Huntingdon journal. (Huntingdon, Pa.) 1843-1859, December 14, 1847, Image 1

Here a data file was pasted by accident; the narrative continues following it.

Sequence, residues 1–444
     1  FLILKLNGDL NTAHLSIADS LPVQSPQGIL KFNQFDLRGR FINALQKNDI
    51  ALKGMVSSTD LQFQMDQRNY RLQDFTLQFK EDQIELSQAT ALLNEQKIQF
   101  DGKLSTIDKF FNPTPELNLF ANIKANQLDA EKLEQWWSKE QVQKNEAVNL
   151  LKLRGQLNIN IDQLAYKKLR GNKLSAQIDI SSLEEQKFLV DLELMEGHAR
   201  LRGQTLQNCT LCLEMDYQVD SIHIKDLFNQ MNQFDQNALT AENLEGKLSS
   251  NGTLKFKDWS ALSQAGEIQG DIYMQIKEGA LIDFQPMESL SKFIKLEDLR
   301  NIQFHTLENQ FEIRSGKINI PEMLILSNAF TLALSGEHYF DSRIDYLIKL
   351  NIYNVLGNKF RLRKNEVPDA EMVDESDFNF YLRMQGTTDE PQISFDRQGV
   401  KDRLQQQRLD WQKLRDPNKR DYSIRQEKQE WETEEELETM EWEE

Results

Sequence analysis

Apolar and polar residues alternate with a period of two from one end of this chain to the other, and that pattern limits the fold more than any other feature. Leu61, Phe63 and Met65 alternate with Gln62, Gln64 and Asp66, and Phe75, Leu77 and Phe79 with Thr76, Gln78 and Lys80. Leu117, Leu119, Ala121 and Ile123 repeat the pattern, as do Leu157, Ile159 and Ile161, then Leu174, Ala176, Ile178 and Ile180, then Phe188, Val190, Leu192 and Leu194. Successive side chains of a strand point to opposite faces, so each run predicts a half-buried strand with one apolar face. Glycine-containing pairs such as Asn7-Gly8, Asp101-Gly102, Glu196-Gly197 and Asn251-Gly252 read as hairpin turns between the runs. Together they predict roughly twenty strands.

_it r 0, 4 JOURNAti, thr JAMES CLARK VOL, XII, NO. 50. TERMS The" HUNTINGDON JOURNAL" will ha pnnli•hed hereafter at the frilloa•ing rater, via $1.75 a year. if paid in advance; 152.00 if paid during the year. and *2.50 if no; paid un til after the expiration of the year. The above tonna to he nillierrif In. in all enseni. , Pin stascription take. for I. than six monthp, Ynd no piper discontinued 'Mill all sr...ages a re paid. link.. at the option of the publisher. (o''l'o Clubs of six, or more, aho pay in ad. Yang, the Journal will he sent at . 5 . r3..150 per fopy for one year; and env one who will sehti us Plat number of names accompanied It the unotrey 'Orli receive the .1 our. I one year for Itip ir0,1).10, POETICAL, Oh Think Nut Less I Love Thee. BY NV. D. GALLAGHER Oh, thick not less 1 love thee, That our paths are parted now— Fur stars that burn above theb, Aro not truer than my vow. As the towline° ill the blossom, As the ninon unto the night, Our love is to my bosom— Its sweetness and its light. Oh. think not less I love thee, Thu thy Mind I thui resign-- /a the heav'n that bends above thee, I will claim live .yri us mine. Through the v.:ion of Life's morning Ever flitted one like niee-- And thoi. Life's large othoning, Slntlt hence !lint vision MISCELLANEOUS, THE NEW CONQUEST O MEXICE, BY GEORGE W. KENDALL It is difficult to account for the fact that we are here, here in the great cap., ital of Mexico—not the 22,000 paper Men of the Union, but what is left of The 10,000 real men by whom the work of subjugation has been accomplished.' The whole seems like a dream, even to those who have taken part in the hard conflicts—yet here in Mexico we are, and masters. After a succession of bat tles, each one of which may be counted a forlorn hope—after a succession of victories, each one of which was obtain ed over an immensely superior force— after formidable works ; each one of which seemed impregnable, haVe been stormed and successfully carried—here, amid the HAS of the Montezumas," the numerically insignificant band of Anglo-Saxons has found a partial rest ' from its toils and its dangers, a breath- ! ing place after• its innumerable trials and perils. Nor the chronicle of ancient wars, nor the prowess of modern achieve- ! meats, furnish a parallel to the second! conquest of Mexico, while the lustre which hung around the name of Curies and his hardy adventurers, , burnished by the glowing description of Prescott, becomes dimmed by the deeds of these latter days. You in the United States cannot be' made to feel and appreciate all that stern and unflinching courage has effect ed in the beautiful valley of Mexico, since our little army first entered it— words are inadequate to give even a faint picture of the brilliant succession of events which have ended in the sub jection of thii proud capitol. The deeds of Cortes, brave and vigorous as they ' were, must suffer by a comparison. The , hardy and adventurous Spaniard, sur rounded by his hosts of Tiascalun and other allies, brought agencies then deem ed supernatural to the work, had all the engines and appliances of modern war at his disposal, and fought against an enemy superstitous and awe-stricken, and provided only with the ruder int*. meats of battle. Grant that they were brave—but their bravery was of a piece with that of the Hindoo widow, who fearlessly and unresistingly chmints her own death song on the grave of her life less husband. The followers of the Az tec monarchs of Montezuma and of Gautemozin, offered themselves as sac tifices to their idols. The mass, when all hopes of victory had vanishe-1, still continued to fight, it is true ; but in their • onslaughts upon the iron ranks of the Christians they were but fulfilling their Own destiny, and rushing upon a doom that was inevitable. The altars of their gods demanded yearly and even daily , sacrifices long before the advent of the strangers—die demands were now in creased, yet the victims were ever ready. True, a follower of the cross occasion ally fell, borne down by some avalanche of pagan warriors ; but for every drop of Christian blood a river would flow, and well did Cortes know that in the end he must conquer. His calculations were based upon mathematics, and in the problem of life and death he foresaw that the result would be in his favor.— Science, severe discipline, strange an imals bestrode by powerful man, invul nerable armor, all the appliances which snake war terrible, love of gold, and blind religious real—these, all these, were pitted against undisciplined, un mailed, and comparatively unarmed masses—and the results of such encoun ters were known even before the eyes of the shrewd and calculating Castilian rested upon the rich valleys of Anahuac. But widely different was it when, a short two months since, the second con querors first came in sight of the doznes and turrets of Mexico. In some res pects the cases they haVe been parallel: The Anglo'-Saxbils were cut off l'rein all succor and SuPpOrt frOm hein'e; and had naught but their own stout hearts and strong arMstb depend upoh ; but they had not coats of mail and fire-arms, in the days of the first conquerors so ter rible, with which to oppose cotton shirts and bows and arrows. On the contrary, they had to contend with a proud and I implacable enemy, an enemy provided With the same means of attack and re sistance as theinselves i strongly fortified; immensely superior in numbers, pre tending to the highest advancement of civilization, chivalry and valor, fighting for home and fireside, and insolent in his fancied strength and security.— Breastwork and barricade were to be as . - sailed from causeway and open field; and auxiliaries the Americans had none as was the case with the early Spaiiiardi The Yankee invaders found the valley, bristling With bayonets, against which bayonets were to be opposed ; at every avenue they found heavy cannon in po sition to check their advance, and at disadvantageous points only could,t they plant their guns for the attack: They had before them a city of two hundred thousand inhabitants—n City in which every house was a fortress ; they had a population incited against them by a thousand and one idle tales and calum nies—by stories of brutalities and ex cesses they were said to have commit ted, and which they were, advancing to repeat; a population which had learned the sieges of Saguntum and Saragossa by heart; and in their exceeding pride of valor doubtless thought they Were to rival, if not excel, the deeds enacted by the defenders of those valiant cities. With the least reverse it was under stood that the Americans were to be massacred—the brutal murder of our wounded men at El Molino proves the savage intention—and thus our army had nothing but victory or death" be fore it: The result as every one knows ) was victory—Victory Meat coinplete— the entire prostration of an enettiy all powerful in numbers and position, if not in prowess. The evidence is that we are here, and Santa Anna's proud army is scattered and destroyed ; yet still all appears like a dream. The long roll may sound for an hour, and scarce 7000 able bodied men will flock to the alarm call; yet they are toasters of the Republic.— The puige that records the history of this campaign will be deemed a doubtful 0110 in after times; it will be difficult to credit that a handful of men, number ing only 10,000, with not thirty pieces of artillery, all told, discomfited and drove 30,000 men protected by all the subtleties of engineering ; nod with three times their number of heaVy guns ; yet the proofs of Holy Writ are not stron ger. The result of the two campaigns against Mexico—that of the early Span iards and the Yankees—has been the same—the subjugation and occupation of the capitol : and it now remains to be seen how the world will compare the two achievements: Scott's Views of War, If war be the natural state of savage tribes, peace is the first want of every civilized community. War no doubt is;' under any circumstances, a great calitin- ' ity ; yet submission to outrage would often be a greater calamity. Of the two parties to any war, one ut least, must be in the wrong—not unfrequently, both. An error in such an issue is, on the part of chief magistrates, ministers of state;', and legislators having a voice in the question, a crime of the greatest magni tude. The slaying of an individual by an individual is, in comparative guilt, but a drop of blood. Hence the highest moral obligation to treat national differ ences with temper, justice and fairness; always to see that the cause of war is not only just, but sufficient ; to be sure that we do not covet our neighbor's lands 'nor anything that is his ;' that we are as ready to give as to demand explana tion, apology ; or Indemnity ; in short we should especially remember, 'All things whatsoever ye would that men should do to you, do ye even so to them.' This divine precept is of universal obligation: it is as applicable to rulers; in their transactions with other nations; as to private individuals in their daily inter course with each other. Power is in trusted by the Author of peace and lover of concord,' to do good and to avoid evil. Such, clearly, is the' resealed will of God. WINFIELD SCOTT: Washington, April 26, 1844: FINGDON, PA., TUESDAY, DECEMBER 14 TIUW TOM CORWIN, THE WAGON BOY. Many good anecdotes are going the rounds of the netvspapers• ' illustratiie of the ready Wit, and broad humor, that characterize this favorite son of Ohio ; but among them all, we do not remem ber to have seen in print the following, which was related to us, a few years since, by a communicative old gentle man; who was our fellow passenger for a day, while Purneying acrbss the I Buekeye State. At the time when Corwin and Shan non Were first arrayed as rival candidates for the Guberbdtbrial Chair of the State; it happened that the foriner gentleman took passage in a stage coach, from some one of the river towns, for the interior. The only companions of his journey were a smart genteelly dressed woman, accompanied by a young child; to which she seemed deirotedly attached, but which, nevertheless, gave her some trouble. Tom, ever ready in the hour of trial, whether at making speeches, cracking jokes, or tending babies, kind ly volunteered his services in keeping the youngster Ouiet; and the parties soon became sociable: It Was not !bog; thereldre, before the lady, feeling the dignity slid pride Of her station; deter , tinned to make herself known to the stranger, by informing him that she was no less a personage than the wife of the Governor. Corwin was not a little surprised at this announcement, but expressed his gratification in terms of clue reverence at having so distin guished a personage as his companion du voyage, and made seine allusion to the probable results of the coming eon= test, still preserving his incognito: " 0," said the lady; "he'll never be elected: why lie's nothing but a wagon', boy. You don't suppose that the peo ple of this great State will ever conde scend to vote for him. A wagoner for Governor—O, it's so funny," and the lady leaned back and laughed till the baby, kvhb had just got tiWoke again and screamed like road. This changed the Conversation; mid the day passed off pleasantly and agree. ably. At the tavern where the stage stopped to dinner, Corwin was all atten tion and politeness; assisting the lady to alight, helping her at the table to the choicest cuts, from the various dishes, chucking the " young governor" under the chin ; &c: After dinner the journey *as resuined; and at evening the part ties arrived at a Wade Whdre they inns} part; Corwin intending to pass by pri vate conveyance, to the next town; While his lady companitin Was expecting to wiry at the hotel. As the stage drove up to the door, it occurred to the waggish candidate that it was not right to go away without ma king himself known at the end of his journey ; Mere espeiiially at his totilpan , ion had done so at the outset; so taking the child in one arm, and handing the lady to the ground in the politest than , tier possible, he led the way to the par lor, followed by her ladyship; there re lieving himself of his tender charge by plat:in t ! it upon the sofa; he introduced hithself in these laconic words : "Mad am, I am that wagon boy to whom you so gracefully alluded this morning. My name is Tom Corwin. I have, as you see, laid your darling little one on the flat of his back ; and you must not be surprised if I should serge his father the same way at the next election." Corwin was too polite to occasion the lady any embarrassment by stopping to heir ttn apology, and an hour afterwards he was haranguing the incorruptible freemen of tl., and exerting all the might of his eloquence for the fulfilment of the prophecy just before trade, to lay Wilson Shannon flat on his back. How well he succeeded has become a matter of history with which all our readers are doubtless familiar.—Chris elan Citizen. _ TurkA LAW CASE FOR THE Cukteut.—A Turk with three wives, brought with hint front Turkey, and three several classes of children, died lately in New York, without a will. Each of the three strives has applied to the Surrogate for letters of administration. This case is a puzzler to the Judge of Probate. He thinks he cannot grant letters to all the wives, and that the one first married has the preference. By the law of Turkey, where the marriages were celebrated, all the wires a man may have, no mat , ter stow inatty, are held equal having the same right of prriperty. The fear is, and so the counsel for the ladies rep , resent the law 4 that the granting of let ters to either wife, and the exclusion of the others, would in effect declare the excluded ones concubines, and make their children illegitimate. The Surro gate hat taken the ettsó under adirise ; ment: A good temper, a good library, good health, a good wife, and a good newspa per, are five choke blessings. [CORRECT PRINCIPLES-SUPPORTED BY TRUTH.] the Boston papCra df Friday; contain the following : . . There WAS great excitement iti State street on Friday last, arising from the discovery thrt forgeries to the amount of about $65,000 had been discoVered: It appears that Mr; S: F: of Conntird, one of the ltirgest railroad con tractors in the country, has had trans actions in a business way, with George Miller, who has for several years been a very bold and large operative in State street, and who resides ih Welthain. Mr: B. has, from time to time, given Miller Incites payable to him ; from which genuine notes; it is supposed, he has manufactured over $50,000, as very nearly that =bunt has been pronoun= ced by Mr. lik , lkndp base fdrgeries.— These notes have been taken by differ ent individuals, and by them discounted at different Banks in Boston; and Vicin ity ; and therefore it is Supposed that the Banks generally will not lose, as the notes discounted have the endorsement of the original purchasers. We learn th a tit all the notes which hate been signed by Mr. Belknap, were Written by the clerk of Miller, and were Made payable tit the Sufiblk atik; ton ; and it has been the practice of Miller to send to the Suffolk Bank ev ery day to obtain the notification of notes falling due. By this means he has been enabled to take up the forged paper, and substituting " a few more of the same sort." We learn that the clerk of Mr. Miller it an honest man ; and, although he has written the notes, he hitt itet•er seen Mr. Belknap sign one ; it having been Mr. business to get the signature to the notes; by.etill , ing in person. There were notifications for notes to the atliouht df $lO,OOO fall ing due twday, - only 432500 beitig gen uine. Miller; we belieire; hat Mit beet! seen in State street for the last week, and as he had dettision to be frequently ih mit, York, where he has had large operation, his absence was thought no thing hf; until the notifications (lir notes cane tb Mn iielkflap; 'nab& inbrb nu: inerously than his adcouhts WoUld jug; tify. The last that was known of Miller was that he left New York some days since for Philadelphia, since which no thing has been heard from him. He has left 'behind him a very interesting fam ily. l§ short de slattire, ttitti Haler a florid cothplbillin ' is rbund favored,, thoves quick, and has rather a sharp voice. He owned the large hotel at Waltham, known as the Massasoit House, and has dipped into all sorts of business. It is probable that he has a large por. tion of his plunder with him, and his arrest would, no doubt, be roundly paid for. TIMt LOST.—There is time enough lost and wasted in the pursuit of what men call pleasure, which, if properly appropriated, would place theft' lb tt high state of cultivation: time can be found to lounge and talk nonsense ; but, alas ! hoW many think " they can't spare time" to attend to the noblest and best part of their nature ; that which alone elevates and causes them to feel the di; viuity within. [l3' A stranger pUssing thrbugh Mit of the mountain toivns of New England, inquired, " What can you raise here I" The answer was, " Our land is rough and poor ; we can raise but little pro- duce—and so we build school houstis find elturchOs, and false melt." " SLEIGHING AND GREEN CORN. " —Por the benefit of our contemporaries who ere copying a paragraph stating that "there was green corn selling recently in the streets of Chicago at, the same time sleighs were drib:ten by;" the Would state that wo &Ways go to the corn fields here to get roasting ears in sleighs —Chicagb Jburdal: :r7' LOVE OF LIFE.—HOO , tenaciously man clings to life! Though few and fleeting are his years, he forms schemes, and makes engagements, just as he would if life were immortal. The older a person grows, the more strongly does he grasp at the shade*. A man climb ing a tall tree takes a firmer hold When near the top : so does the aged inditi& ual cling stronger to life the nearer he approaches its termination. He is nev er ready to die; until he feels he can no longer remain. He then makes a virtue of necessity efid expires. " Why don't you limit yourself '(" said a physician to an intemperate per son ; " set down a stake that you will go so far and no farther." "So I do," Said the toper, "but I set it so far oW that I always get drunk be fore I get to it." SUBLIME.—Death is but a moment-: eternity its successor. GREAT FORGERY, 1847. RESPONSE TO MR. CLAY. Speech of Ron. R• T. Conrad, A great meeting was held in Phila delphia on Monday evening last, at Which resolutions responsive to those Oftred by Mr: Clay and adopted at the Lexington meeting, were adopted by acclamation: In reply to the call of the Meeting, ROBERT T. CONRAD, after presenting the resolutions; remarked that he was not surprised at the magni tude and character of the Vast assem blage before him. He had served too many campaigns with the Whig's of the Gibralter to doubt that; in response to the trumpet-Voice of HENRY CLAY, every than on the roll would be ready. And he wits glad t'd know that the Same spirit manifested herb, perVaded our land like light—our land, he meant ; not the bar ren deserts of Mexico, whose sands the nets of Mr. Polk were reddening with blood—but our own glorious land. The nation was with us—right was with us; and the spirit that animated the people at this crisis would lead to deeds which should be rtineinliered and honored when the tehipbrary excitements df the hour had subsided into history. The purport of the resolutions he was about to oiler was to urge upon Congress to demand of his Imperial Secrecy, the objects of the present war. When lie made a satisfactory reply to that de mand, the speaker would be ready to square the circle—to square any circle —except the circle in which locofocoism reveilles: The plot of, the administra tion conittienced With the antiekation of Texas; And it was bring evirried tin to the silbjugatiotl and annexation of the tiliole Of . the extension of sla very, the dissdlution of the Union, and the destruction Of our beloved Country. But if Mr. Polk Could not give d stitis , faettiry ails*er to thli demand as to the objects of the war; still less could he reply to the inquiry, " What are to be the profits of the war 1" It had been said that Mr. Polk was a feeble-man— but *hat of that 1 Villitrorths some destroyed the lo had all heard of the idiot who had fired a magnificent temple. It would be bad enough to se , ' the constitution trampled under the heels of a Napoleon—but it was too much that it had come to be spurned by a Polk. Does the war prom ise profit to us in honor 1 If so, and if Our htjli a is concerned in its ProieCti: Lion, let it be carried on at any and all sacrifice. Rather let our whole country become a desert and a scene of wide ' sweeping desolation, than that honor should be lost. But what honor was to be reaped from abject Mexico 1 It was the lion and the hare—the giant and the dwarf. What honor Was ib be gained fiith that 1 We haVe drained the cop of triumph to the dregs—what more do we want 1 How much of the blood Of cowards and slaves Will constitute na tional hohdr i Are we to expect profit From conquest 1 We want no more land. The American people do not wish tb pass over the paradise of their own country to perish in the deserts of Mexico: We have lend enough for twenty tiines our population. We can derive no profit from territorial acquisition. Do we want their people 1 Is it fit that sudh as they should govern the soils of our fathers 1 Are our privileges so cheap that they are to be forced upon the blacks and barbarians of Mexico at the point of the bayohet 1 But there is one profit which the adinihistration hopes from this war; it is the extension of slaLery, effected by the blood and treasure df the North. You are to drive the slatres to the lash ; and when the blood spouts out beneath the master's whip, it will cry aloud like Abel's for justice against you. The spirit of the dying slave will bear an accusation td HeaVen against you, and rue, for participation in this infamous sehetne. Are you willing to share in itl The alternative presented by Mr. Polk is, practically, dissolution of the Union or the extension of slaVery. We Will have neither. We shall stand by our principles, and never give up our cduii try or its cause. There are other sources of profit involved in this war. Among these is a national debt. This already exists, and is beginning to press upon the nation, Which it may eventually crush. Through the influence of a na tional debt; England is now in convul sions and spasms, and her very exist ence threatened. tt'e some time ago used to hear a good deal of Young Hickory—a phrase which seems latteily to have gone into disue tude. This Young Hickory has already created a larger national debt than Old Hickory ever discharged. The next profit of the war will be direct taxation; then a standing army ; next a military regime—an aristocracy of bondholders and a serfhood of farmers and laborers government monarchical and Euro- EDITOR AND PROPRIETOR WITOLt NO. 620, perm in all its practical results—oppres sion, misery, ruin, Such has been the fate of all nations under similar eircum: stances—such will be the fate of ours, unless it is arrested by the strong arm: At what price was all this to be pur chased 1 Blood enough had already been,spilled to float our whole navy— bodies enough had been slain to raise a pyramid overtopping Cheops. Fifty thousand lives had already been sacri ficed. Was not that enough 1 Clouds had heretofore been around us, but we might now rejoice that they were ORS, ' ing away. We had clung in despair to the shattered constitution through a dreary night, but joy cometh with the morning. We had heard again that Voice 'So toVed by the American people s and we dared to hope once more. In or out of power his mighty mind was wrapped about his country ; sad shame upon any American who would falter or despond, while the life-blood flowed in the heart and brain of HENRY CLAY. [From the Puebla Flag of Freirdom.] CITY OP PUEBLA. The City of Puebla is fast getting td be quite a lively place again ; it begins to look old-fashioned, that is, as it loOk ed before the army left ; new faces are daily to be seen, and places that were almost deserted a few weeks ago, has now become resorts for the better class es of the citizens—where then ne one; whether American or Mexican, dared to go, except the numerous Mexican sol- 1 diery, largely intermixed with guriller as and bad men of all descriptions, you can now see smiling and apparently con tented fades ; the business man, whO had dloSed his shop, for fear of being bobbed by his oWn countrymen, comes out in the evening; after tile fatigues Of the day's ldbdr, tb take his evening driVe, ride or walk, as best suits his con venience, without the fear of finding, orb his return, his doors broken open, his house emptied, and himself reduced to the necessity of commencing life aneiii On an evening-ride around the beautiful passeo, you obserVe the doltifbriatli. Car; tinges of the fibre °Went, dash aking; as they carry their inmates to enjoy the evening breeze among the fragrance of the half-neglected and therefore gro-i tesque shrubbery, under the beautiful blue of a tropic sky ; and although the number of visiters at this lima tre quented place is ,not tit lfirge tik it for merly was; yet there ere enough to give 1 life and animation to the scene. The la dies, too—and there are many of thern in this place who are truly beautiful— turn out as they were wont to do; and tre seen in their daily ivalkis and rides flourishing their fans in the graceful style peculiar to the Castilian ; in short, the whole bearing of the inhabitants of this city, whether a majority of theta! are hostile to the Americans or not, ap pear to feel a degree of safety under American protection, which was un known to them, while those that were ready "to cause the rights of this na tion to be respected," remained among them; delighted *ith theme es, terri fying others and driving a' - gTeat num ber of those, who love order and iron-, quility, from their comfortable homes." Hon. Jon REED, Lieutenant Gov ernor of Massachusetts, in communica4 ting his acceptance of te Whig nomv nation, observes: " Southern men and Northern mein who would acquire more Slave territo: ry, may be assured that although mod eration and forbearance (With few ex- Ceptions) have marked the course of the friends of peace, and those opposed to the further extension of Slave territory, that a deep feeling pervades the minds of the people, and that it is their fixed purpbse that There shall be no farther extension of Slave territory. this pur pose Comes from a higher source than the Wilmot Proviso. It comes spout,- neously from the honest hearts of mil lions of Freemen, and their second so ber thoughts say Amen.", , A .111aNIFEsr DESTINY Max.—When Eindry stopped at Panama, on his return to the United States last Spring, he encountered an American at that place half-seas over, with whom Le got into an interesting consersation. Why don't you re - turn t 6 your coun try I" asked Lieut. Emory. " Return to my country Neter !" " Why 1" " Because I am a Manifest Destiny Man; and my country will be along Leis, long before I die !" [l:7- A letter writer wishes to know what more precious offering can be laid upon a man's heart, than the first love of a pure, earnest and affeationate girl, with an undivided interest in eight cor ner lots and fourteen three story hott9,:st We know of nothing hill' so touching, or, in other words, anything that moat people would sooner "tonehi '